We next analyzed whether LFP power in the delta, theta, low gamma and high gamma bands correlates with the trial number and the mean speed of each run (notice that even though the treadmill speed was constant, the animals could move back and forth along the belt). The Spearman’s rank order correlation revealed that delta power directly correlated with the trial number (Figure 4A, r = 0.2 and r = 0.45, p < 0.05, for left and right hemispheres, respectively). In contrast, the power of theta, low gamma and high gamma bands were inversely correlated (r = −0.3 and r = −0.2, p < 0.05, for theta in the left and right hemispheres; r = −0.2 and r = −0.1, p < 0.05, for low gamma in the left and right hemispheres; r = −0.1, p < 0.05, for high gamma in the right hemisphere), except for high gamma in the left hemisphere (p = 0.39). The Pearson’s linear correlation between delta band power and running speed showed no significant relationship (Figure 4B, p = 0.99 and p = 0.09 for left and right hemispheres, respectively), while the power in the theta, low gamma and high gamma bands weakly correlated with speed (r = 0.1, p < 0.05). These results indicate that consecutive runs promote specific increases in the power of delta oscillations that are dissociated from changes in running speed.

FIGURE 4
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Figure 4. Delta power correlates with the trial number but not with running speed. (A) Normalized delta band power during treadmill running and the trial number (“running #”) directly correlated (r = 0.2, p < 0.05 and r = 0.45, p < 0.05, for left and right hemispheres, Spearman’s correlation), while the power of theta, low gamma and high gamma bands inversely correlated with the trial number (p < 0.05, Spearman’s correlation), except high gamma power in the left hemisphere (p = 0.39). (B) Normalized delta band power and running speed were not correlated (p = 0.99 and p = 0.09 for left and right hemispheres, respectively, Pearson’s correlation), while the power of theta, low gamma and high gamma bands weakly and positively correlated with running speed (p < 0.05, Pearson’s correlation), except high gamma power in the right hemisphere (p = 0.54).

To evaluate whether the emergence of delta oscillations produces functional changes in the inter-hemispheric synchronization, we computed the LFP phase coherence between the left and right hemispheres. Figure 5A shows the mean spectral coherence across the 35 runs (see Supplementary Figure S2 for a typical session). We found that the mean inter-hemispheric coherence in the delta band gradually increased with consecutive runs (Figure 5B, p < 0.01), while the inter-hemispheric coherence in the theta and high gamma (65–100 Hz) bands did not change (p = 0.70, p = 0.51, respectively), and in the low gamma (25–55 Hz) band tended to decrease (p = 0.01).

FIGURE 5
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Figure 5. Inter-hemispheric delta coherence increases across treadmill runs. (A) Mean inter-hemispheric phase coherence in the delta, theta, low gamma and high gamma bands for each of the 35 runs. First to last runs are represented in lines colored from yellow to green shades. (B) Normalized mean inter-hemispheric coherence in the delta, theta, low gamma and high gamma bands. Circles denote means and error bars represent ± SEM (n = 11 sessions from three animals). The normalization was performed for each session by dividing coherence values on each running by the average across all the runs of the session. Notice that mean delta coherence significantly increases across runs (p < 0.01, repeated measures ANOVA), while mean theta and high gamma coherence presented no significant change (p = 0.70, p = 0.51, repeated measures ANOVA) and low gamma coherence tended toward a decrease (p = 0.01).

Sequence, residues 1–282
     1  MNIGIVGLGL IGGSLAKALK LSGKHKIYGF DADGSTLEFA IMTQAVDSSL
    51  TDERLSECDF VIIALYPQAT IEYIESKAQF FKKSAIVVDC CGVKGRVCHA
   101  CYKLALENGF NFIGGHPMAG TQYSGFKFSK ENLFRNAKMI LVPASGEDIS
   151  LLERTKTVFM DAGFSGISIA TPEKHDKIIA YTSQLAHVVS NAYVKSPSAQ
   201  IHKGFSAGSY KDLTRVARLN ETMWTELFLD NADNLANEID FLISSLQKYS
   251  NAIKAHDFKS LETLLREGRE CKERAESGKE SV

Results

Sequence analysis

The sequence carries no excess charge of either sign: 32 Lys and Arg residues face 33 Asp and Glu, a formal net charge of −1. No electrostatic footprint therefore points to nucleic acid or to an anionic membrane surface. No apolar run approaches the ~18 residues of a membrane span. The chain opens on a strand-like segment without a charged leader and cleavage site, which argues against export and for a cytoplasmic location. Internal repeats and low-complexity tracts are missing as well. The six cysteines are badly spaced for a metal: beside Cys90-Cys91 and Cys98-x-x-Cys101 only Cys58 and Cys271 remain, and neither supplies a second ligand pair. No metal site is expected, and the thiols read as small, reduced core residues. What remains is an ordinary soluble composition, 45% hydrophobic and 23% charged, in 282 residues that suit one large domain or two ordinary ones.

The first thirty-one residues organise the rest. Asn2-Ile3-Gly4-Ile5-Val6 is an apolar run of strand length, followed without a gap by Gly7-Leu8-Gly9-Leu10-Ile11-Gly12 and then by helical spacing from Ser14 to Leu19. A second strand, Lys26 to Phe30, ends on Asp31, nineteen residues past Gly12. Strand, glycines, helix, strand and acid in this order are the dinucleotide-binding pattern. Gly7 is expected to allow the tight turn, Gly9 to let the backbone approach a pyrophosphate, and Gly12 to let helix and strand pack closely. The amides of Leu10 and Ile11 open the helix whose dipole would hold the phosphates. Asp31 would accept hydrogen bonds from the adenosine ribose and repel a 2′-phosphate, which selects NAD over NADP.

We further analyzed whether the inter-hemispheric coherence during running correlates with the trial number and running speed. The Spearman’s rank order correlation revealed a significant positive relationship between coherence in the delta band and trial number (Figure 6A, r = 0.3, p < 0.05), but no significant correlation for the theta, low gamma and high gamma bands (p = 0.34, p = 0.19, and p = 0.72 for theta, low gamma and high gamma, respectively). Pearson’s linear correlation revealed a weak negative relationship between running speed and inter-hemispheric coherence in the delta band (Figure 6B, r = −0.1, p < 0.05). The inter-hemispheric coherence in theta, low gamma and high gamma bands did not correlate with running speed (p = 0.76, p = 0.20, and p = 0.30, respectively). These results suggest that delta may progressively coordinate network communication between both hippocampi across consecutive treadmill runs.

FIGURE 6
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Figure 6. Inter-hemispheric delta coherence correlates with the trial number. (A) Normalized inter-hemispheric coherence in the delta band during treadmill running and the trial number (“running #”) moderately and positively correlated (r = 0.3, p < 0.05, Spearman’s correlation), while the other bands exhibited no significant relationship (p = 0.34, p = 0.19, and p = 0.72, for theta, low gamma and high gamma, respectively, Spearman’s correlation). (B) Normalized inter-hemispheric coherence in the delta band and running speed weakly and inversely correlated (r = –0.1, p < 0.05, Pearson’s correlation), while other bands exhibited no relationship (p = 0.76, p = 0.20, and p = 0.30, for theta, low gamma and high gamma, respectively, Pearson’s correlation).